While America’s response to criticism of its drone strikes, for instance, under President Obama, was the development of stricter guidelines and standard operating procedures (SOPs) for drone attacks, the Trump administration has loosened them. As a consequence, the current US foreign drone warfare has demonstrated a dire lack of accountability. It is now easier to sanction strikes thus permitting indiscriminate attacks against civilians. Observably, drone strikes have increased under each American president since George W Bush in 2004. President Obama expanded Bush’s drone war in Pakistan and significantly increased strikes in Somalia. President Trump has similarly increased drone strikes especially in Somalia. Kenya should, therefore, shirk the proposal since the country has limited influence on American defense and security policymaking, and what may begin as a small campaign might expand beyond control in a way that can hurt the country’s national interest.

Further Radicalization and De-legitimization of Counter-Terrorism

The possible focus of American drone war in Lamu and Garissa counties, both Muslim-majority areas, and the imaginable chance of future expansion of the airstrikes into Mandera and Wajir counties which similarly experience higher terrorist activity risks playing into the narratives of terrorists. With the region still struggling against the legacy of marginalization and the tense historical State-Muslim-Somalia relations, America’s drone strikes will validate al Shabab’s narratives which cast Kenya as a collaborator of the “Western crusade” against the Muslim community. On the other hand, victimized communities are likely to rise up against continued drone strikes or offer sympathy to al Shabab as it happened in northern Pakistan where US drone strikes along the Pakistan-Afghanistan border drew more people into Taliban and al Qaida fold to exact vengeance. As a result, the level of civilian grievance and anti-American sentiment dampened the war’s credibility in Pakistan and led to pressure from the public, parliament, and the judiciary in the country, leading to the termination of the US drone campaign in Pakistan.

Violation of State Sovereignty

While the US drone strikes in Pakistan followed communications between the US military command and Pakistan’s Inter-Services Intelligence Agency, in most cases, public pressure, parliament, and even the executive branch of the government failed numerously to scale down the American drone strikes. A similar experience lurks in Iraq where the country’s parliament voted in January 2020 to expel American forces in the country, following the killing of General Qassem Soleimani, the head of Iran’s Islamic Revolutionary Guard Corps’ (IRGC’s) Quds Force, two days earlier. However, American airstrikes had been reported in March by a manned aircraft, and in September from an aircraft carrier, amid ‘9-month imminent’ US withdrawal.  Observably, the US government scales down aerial strikes to mollify the host country’s public pressure, only to resume normal operations during low-public pressure moments.  In essence, escalated by recent US drone war guidelines review, Kenya would technically lose the power to determine AFRICOM’s targets and frequency, control of collateral damage as well as the ability to safeguard its sovereignty when the drone war begins to work at cross-purposes.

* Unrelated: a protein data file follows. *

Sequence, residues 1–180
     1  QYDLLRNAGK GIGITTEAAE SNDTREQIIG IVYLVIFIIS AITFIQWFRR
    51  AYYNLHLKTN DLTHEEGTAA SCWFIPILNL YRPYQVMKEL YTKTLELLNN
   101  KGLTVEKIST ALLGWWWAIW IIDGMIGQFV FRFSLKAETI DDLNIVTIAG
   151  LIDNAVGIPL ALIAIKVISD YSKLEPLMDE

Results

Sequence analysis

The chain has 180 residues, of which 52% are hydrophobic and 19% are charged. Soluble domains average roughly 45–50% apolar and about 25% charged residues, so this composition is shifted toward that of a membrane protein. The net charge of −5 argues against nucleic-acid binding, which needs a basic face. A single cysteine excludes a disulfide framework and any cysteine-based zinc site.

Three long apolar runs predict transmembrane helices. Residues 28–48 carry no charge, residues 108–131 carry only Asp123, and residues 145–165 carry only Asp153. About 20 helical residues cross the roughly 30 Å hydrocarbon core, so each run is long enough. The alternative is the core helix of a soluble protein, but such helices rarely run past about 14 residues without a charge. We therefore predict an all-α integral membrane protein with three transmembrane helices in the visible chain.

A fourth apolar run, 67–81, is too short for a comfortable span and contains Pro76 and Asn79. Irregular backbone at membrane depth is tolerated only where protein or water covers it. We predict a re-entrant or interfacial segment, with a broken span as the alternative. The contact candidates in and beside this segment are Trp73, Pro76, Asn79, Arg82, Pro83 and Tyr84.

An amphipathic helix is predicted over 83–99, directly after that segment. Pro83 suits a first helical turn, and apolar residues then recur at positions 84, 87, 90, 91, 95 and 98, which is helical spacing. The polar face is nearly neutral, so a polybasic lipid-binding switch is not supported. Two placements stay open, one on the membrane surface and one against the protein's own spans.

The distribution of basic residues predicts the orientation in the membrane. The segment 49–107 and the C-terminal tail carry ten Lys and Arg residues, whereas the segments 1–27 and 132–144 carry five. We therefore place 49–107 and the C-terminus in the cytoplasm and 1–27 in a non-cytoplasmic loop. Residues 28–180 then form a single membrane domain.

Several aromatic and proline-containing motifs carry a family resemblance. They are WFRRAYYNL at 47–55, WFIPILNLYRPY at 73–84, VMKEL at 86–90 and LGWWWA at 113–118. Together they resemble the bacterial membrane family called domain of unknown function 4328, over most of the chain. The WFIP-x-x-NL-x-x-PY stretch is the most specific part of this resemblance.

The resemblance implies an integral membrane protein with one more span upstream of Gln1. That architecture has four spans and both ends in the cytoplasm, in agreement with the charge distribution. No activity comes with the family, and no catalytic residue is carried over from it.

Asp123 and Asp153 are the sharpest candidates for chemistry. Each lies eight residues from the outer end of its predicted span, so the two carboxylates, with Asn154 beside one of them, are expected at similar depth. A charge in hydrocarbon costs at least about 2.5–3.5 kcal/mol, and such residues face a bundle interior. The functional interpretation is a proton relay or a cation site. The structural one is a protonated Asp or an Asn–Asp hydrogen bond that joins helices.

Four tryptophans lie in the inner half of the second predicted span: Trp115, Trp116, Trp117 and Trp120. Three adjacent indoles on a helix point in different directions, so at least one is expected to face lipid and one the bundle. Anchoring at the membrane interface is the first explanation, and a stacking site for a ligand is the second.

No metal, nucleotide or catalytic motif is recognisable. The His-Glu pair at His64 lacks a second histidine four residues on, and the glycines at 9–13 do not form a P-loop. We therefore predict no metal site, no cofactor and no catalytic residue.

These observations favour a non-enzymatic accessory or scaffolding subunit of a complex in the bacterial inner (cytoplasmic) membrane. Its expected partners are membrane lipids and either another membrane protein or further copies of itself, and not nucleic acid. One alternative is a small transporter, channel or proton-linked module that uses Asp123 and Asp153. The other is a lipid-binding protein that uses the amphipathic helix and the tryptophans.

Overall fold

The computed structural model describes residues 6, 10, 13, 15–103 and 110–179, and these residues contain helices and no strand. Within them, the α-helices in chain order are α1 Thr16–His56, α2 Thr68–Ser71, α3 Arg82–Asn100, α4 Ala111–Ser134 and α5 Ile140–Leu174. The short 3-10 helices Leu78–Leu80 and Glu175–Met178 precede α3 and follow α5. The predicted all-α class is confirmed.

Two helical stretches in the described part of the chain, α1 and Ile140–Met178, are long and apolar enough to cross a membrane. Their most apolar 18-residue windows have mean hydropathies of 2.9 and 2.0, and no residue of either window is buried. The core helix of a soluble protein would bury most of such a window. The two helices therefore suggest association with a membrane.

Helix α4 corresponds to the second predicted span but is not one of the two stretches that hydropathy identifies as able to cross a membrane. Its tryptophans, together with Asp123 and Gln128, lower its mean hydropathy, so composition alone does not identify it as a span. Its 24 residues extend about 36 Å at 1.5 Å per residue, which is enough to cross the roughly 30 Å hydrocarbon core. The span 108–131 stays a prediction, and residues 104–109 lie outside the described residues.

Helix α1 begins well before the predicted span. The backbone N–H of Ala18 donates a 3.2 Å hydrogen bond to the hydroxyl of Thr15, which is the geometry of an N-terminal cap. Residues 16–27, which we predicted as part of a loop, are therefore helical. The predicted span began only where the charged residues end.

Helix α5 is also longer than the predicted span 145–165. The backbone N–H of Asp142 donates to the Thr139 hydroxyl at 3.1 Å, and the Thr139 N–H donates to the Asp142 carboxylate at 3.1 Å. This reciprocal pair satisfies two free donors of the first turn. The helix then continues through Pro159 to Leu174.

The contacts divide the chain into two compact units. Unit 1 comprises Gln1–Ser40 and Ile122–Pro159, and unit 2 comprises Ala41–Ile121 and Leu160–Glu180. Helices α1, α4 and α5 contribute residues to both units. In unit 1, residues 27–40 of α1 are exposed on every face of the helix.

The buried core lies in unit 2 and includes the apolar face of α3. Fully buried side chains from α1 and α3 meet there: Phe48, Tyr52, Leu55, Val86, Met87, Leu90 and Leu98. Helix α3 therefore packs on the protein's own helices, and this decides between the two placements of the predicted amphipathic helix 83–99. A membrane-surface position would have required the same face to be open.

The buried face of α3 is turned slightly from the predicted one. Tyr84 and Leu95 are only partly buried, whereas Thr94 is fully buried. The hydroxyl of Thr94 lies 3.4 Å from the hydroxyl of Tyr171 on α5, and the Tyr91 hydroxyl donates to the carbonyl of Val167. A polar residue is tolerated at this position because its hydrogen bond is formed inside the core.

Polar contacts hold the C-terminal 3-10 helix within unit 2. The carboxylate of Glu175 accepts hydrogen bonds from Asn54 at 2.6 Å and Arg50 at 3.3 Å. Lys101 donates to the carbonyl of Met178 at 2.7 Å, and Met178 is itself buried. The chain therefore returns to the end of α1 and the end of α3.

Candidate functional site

Kenya should reject America’s overtures for authority to conduct drone strikes in Lamu and Garissa. Potential indiscriminate attacks on civilians and violation of the country’s sovereignty and human rights will collectively delegitimize the country’s counter-terrorism strategy and further radicalize affected communities. Resisting a possible US drone war will help the government avoid risky public pressure on its counter-terrorism strategy as well as save its historical relations with the US.

Edmond J. Pamba is a Researcher at the HORN Institute.

Photo Credit: Wikimedia Commons

Comments are disabled.